Fort Myers Florida Weekly

Figural bottles that were filled with bitters now make collectors happy


This bottle, shaped like a bust of George Washington in his uniform, held Simon’s Centennial Bitters. It sold recently at a Glass Works auction for $748. COURTESY PHOTO

This bottle, shaped like a bust of George Washington in his uniform, held Simon’s Centennial Bitters. It sold recently at a Glass Works auction for $748. COURTESY PHOTO

Figural bottles were being made by the ancient Egyptians by 1546 B.C. That’s more than 5,000 years ago. But collectors couldn’t find many to collect until the early 1800s, when manufacturers started using them to sell whiskey or bitters medicine to an individual customer. Before that, most whiskey was ladled out of a barrel into your pottery container during a visit to the distillery. When bitters medicine was created from herbs, roots, bark, alcohol, drugs and other ingredients, it was sold in bottles to encourage sales to individuals. (There were few stores.) It made people feel better, but it was mainly because of the alcohol and drugs. Traveling medicine shows sold the bitters, which often was the only “medicine” available in a town with no doctor. Many likenesses of George Washington, the “Father of our Country,” were made to sell in 1876 because of bicentennial celebrations of the founding of the U.S. Simon’s Centennial Bitters was sold in a bottle shaped like a bust of General George Washington on a pedestal. His name was molded on the bottle around the bottom of the bust. It was made by Bernard Simon of Scranton, Pennsylvania and created using clear, aqua or amber glass. Later reproductions were made in amethyst and other colors. Many were made in the 1930s, probably because of renewed interest caused by the bicentennial celebration of Washington’s birthday.

Q: I have an ironstone washbasin and pitcher with a wheat design on them. They have a circular blue mark, with the words “red cliff” around the top and “ironstone” around the bottom. In the center is the number 4 (washbasin) and the number 10 (pitcher). I cannot find this mark listed anywhere. I would love to have any information available.

A: Red Cliff Pottery was a decorating and distributing company in business in Chicago, Ill., from 1950 to 1980. It was owned by Fred Clifford. Pieces were made in old shapes by Hall China Co. and decorated at Red Cliff with designs copying old ironstone patterns, giving customers a chance to buy something that looks “vintage” without paying vintage prices. This semicircular mark was used on table and ovenware beginning in February 1950. The pitcher might be worth about $10-$20.

Q: I bought two Mexican Feathercraft pictures of birds in Mexico City in 1952 and am wondering if you can give me an idea of their worth. The bodies and tails of the birds are made from brightly colored feathers and their beaks and legs are painted. The trees in the background are also painted.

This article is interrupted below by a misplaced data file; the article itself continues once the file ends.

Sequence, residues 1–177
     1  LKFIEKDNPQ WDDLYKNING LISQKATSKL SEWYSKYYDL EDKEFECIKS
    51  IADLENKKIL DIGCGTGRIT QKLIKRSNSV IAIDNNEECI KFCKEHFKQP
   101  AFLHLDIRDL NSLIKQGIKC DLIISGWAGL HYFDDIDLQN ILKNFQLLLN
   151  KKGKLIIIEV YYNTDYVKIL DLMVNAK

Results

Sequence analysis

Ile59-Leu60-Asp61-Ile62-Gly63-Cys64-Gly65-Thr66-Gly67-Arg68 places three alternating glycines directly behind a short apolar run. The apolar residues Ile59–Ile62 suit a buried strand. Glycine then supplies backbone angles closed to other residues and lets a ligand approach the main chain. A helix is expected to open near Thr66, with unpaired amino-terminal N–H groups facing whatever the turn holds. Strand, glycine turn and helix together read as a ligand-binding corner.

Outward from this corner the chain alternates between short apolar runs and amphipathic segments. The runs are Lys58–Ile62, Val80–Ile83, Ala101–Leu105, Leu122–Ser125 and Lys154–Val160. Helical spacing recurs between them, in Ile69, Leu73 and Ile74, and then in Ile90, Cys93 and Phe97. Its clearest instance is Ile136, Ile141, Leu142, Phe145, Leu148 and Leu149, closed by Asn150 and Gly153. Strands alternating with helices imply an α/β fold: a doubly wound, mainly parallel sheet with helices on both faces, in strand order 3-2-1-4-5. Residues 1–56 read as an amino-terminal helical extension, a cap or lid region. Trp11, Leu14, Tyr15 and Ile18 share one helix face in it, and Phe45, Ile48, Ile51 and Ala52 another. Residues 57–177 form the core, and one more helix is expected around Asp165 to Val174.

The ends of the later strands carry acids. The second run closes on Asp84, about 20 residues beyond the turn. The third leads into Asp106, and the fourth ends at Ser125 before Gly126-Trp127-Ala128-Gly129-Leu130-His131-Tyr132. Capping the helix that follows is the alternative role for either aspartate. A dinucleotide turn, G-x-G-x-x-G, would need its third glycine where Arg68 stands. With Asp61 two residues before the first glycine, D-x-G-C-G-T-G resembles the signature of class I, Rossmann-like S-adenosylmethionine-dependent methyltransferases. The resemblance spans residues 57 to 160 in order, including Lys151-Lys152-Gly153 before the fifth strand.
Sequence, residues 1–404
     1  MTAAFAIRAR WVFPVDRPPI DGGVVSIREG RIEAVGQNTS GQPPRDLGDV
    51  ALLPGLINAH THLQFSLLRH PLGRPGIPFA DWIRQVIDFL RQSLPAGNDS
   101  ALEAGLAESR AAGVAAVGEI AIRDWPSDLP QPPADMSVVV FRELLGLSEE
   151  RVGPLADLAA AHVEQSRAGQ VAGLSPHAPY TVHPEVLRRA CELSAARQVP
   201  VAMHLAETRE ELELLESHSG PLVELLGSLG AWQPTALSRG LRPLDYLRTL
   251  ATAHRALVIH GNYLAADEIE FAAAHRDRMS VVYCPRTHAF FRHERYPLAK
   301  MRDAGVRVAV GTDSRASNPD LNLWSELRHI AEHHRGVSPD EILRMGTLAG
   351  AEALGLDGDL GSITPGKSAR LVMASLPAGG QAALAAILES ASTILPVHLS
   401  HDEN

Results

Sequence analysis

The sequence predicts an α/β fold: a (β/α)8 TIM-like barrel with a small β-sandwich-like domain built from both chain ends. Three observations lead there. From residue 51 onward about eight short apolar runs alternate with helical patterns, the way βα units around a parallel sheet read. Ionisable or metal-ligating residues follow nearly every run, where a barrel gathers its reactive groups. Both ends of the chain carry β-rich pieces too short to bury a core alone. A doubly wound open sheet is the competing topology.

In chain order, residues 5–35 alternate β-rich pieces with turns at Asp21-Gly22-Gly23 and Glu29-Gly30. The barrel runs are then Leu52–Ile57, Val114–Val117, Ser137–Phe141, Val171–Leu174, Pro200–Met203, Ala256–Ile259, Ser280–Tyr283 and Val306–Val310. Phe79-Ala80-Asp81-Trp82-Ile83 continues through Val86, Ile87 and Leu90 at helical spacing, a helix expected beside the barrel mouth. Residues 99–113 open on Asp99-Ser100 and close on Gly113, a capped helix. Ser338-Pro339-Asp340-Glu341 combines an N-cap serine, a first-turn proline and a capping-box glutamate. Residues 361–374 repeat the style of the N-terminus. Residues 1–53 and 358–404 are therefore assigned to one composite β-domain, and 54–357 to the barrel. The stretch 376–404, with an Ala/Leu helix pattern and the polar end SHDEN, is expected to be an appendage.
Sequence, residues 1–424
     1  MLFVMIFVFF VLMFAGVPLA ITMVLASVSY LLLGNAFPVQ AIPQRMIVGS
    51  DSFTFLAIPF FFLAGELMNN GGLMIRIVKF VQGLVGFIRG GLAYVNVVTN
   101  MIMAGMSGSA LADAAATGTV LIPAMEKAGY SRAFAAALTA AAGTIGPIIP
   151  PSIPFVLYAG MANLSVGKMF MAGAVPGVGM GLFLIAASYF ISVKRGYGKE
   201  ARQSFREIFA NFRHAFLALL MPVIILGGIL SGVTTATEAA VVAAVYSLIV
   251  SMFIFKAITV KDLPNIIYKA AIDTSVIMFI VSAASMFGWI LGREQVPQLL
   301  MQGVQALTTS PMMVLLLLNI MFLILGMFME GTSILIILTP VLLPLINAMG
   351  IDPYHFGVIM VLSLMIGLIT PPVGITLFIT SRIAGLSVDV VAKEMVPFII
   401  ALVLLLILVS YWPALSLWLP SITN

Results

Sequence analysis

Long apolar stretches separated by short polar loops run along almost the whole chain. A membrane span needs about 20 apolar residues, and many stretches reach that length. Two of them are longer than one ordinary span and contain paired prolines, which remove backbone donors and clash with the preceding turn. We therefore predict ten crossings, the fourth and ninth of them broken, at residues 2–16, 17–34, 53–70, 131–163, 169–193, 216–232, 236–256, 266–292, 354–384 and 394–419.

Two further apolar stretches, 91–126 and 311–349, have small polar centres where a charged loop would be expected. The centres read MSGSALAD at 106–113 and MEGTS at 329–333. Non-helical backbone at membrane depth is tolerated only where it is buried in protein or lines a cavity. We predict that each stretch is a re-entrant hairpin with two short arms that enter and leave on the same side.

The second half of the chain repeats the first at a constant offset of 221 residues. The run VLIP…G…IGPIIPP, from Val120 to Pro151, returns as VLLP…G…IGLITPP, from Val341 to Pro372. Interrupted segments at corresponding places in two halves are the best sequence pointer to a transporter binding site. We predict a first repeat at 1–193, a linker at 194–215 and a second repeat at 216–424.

A: Featherwork pictures, jewelry and items of clothing were made in Mexico as early as the 1500s. Spanish conquerors took Mexican featherwork back to Europe, where it was popular until the 17th century. Early indigenous artists used the brightly colored feathers of tropical birds. Some more recent featherwork pictures are made from feathers that have been dyed to achieve the bright colors. Twentieth-century featherwork pictures, which are about 13 by 28 inches, have sold for $100-$150.

Q: I have a double-drawer NCR Register No. 3967906 with serial number FR843814- ZZ, and it’s missing a key for lock number E97116. I’ve searched a lot of websites and can’t find information on this model. Also, I’m trying to get a key and have found them on several sites, but I’m not sure how to compare lock numbers to find the right key.

A: The serial number beginning “FR” indicates your cash register has been “factory rebuilt.” The number “843814” indicates that it was rebuilt in 1953, and “ZZ” shows that it originally was made in 1948. The letter “E” on the lock indicates it’s the control lock. There are businesses that make replacement keys. One source for keys and other replacement parts is www.brasscashregister. net/keys. You can find information about collecting and dating cash registers at the website for the Cash Register Collectors Club,

Q: I’d like to know the age and value of a Hopalong Cassidy pocketknife I have. It reads “Hopalong Cassidy” in big red letters, and it pictures Hopalong Cassidy standing up, with gun drawn, and his white horse in the background. The blade is marked “U.S.A.” What can you tell me about it?

A: Hopalong Cassidy first appeared in short stories and books written by Clarence E. Mulford in the early 1900s. The Hopalong Cassidy character represented on your knife and other collectibles is William Boyd, the actor who portrayed Cassidy in movies beginning in 1935 and on TV beginning in 1952. Your knife was made by the Colonial Knife Co., which was founded in Providence, R.I., in 1926. It is now a division of Colonial Cutlery International in Warwick, R.I. Your knife probably was made in the 1950s, after the TV show debuted. Its value is less than $15.

Tip: An auction staff member examined a blanket chest that might be in a coming sale. He found a hidden compartment filled with valuable historical documents. That’s another reminder to search for secret compartments in antiques.

— Terry Kovel and Kim Kovel answer questions sent to the column. Write to Kovels, Florida Weekly, King Features Syndicate, 628 Virginia Dr., Orlando, FL 32803.

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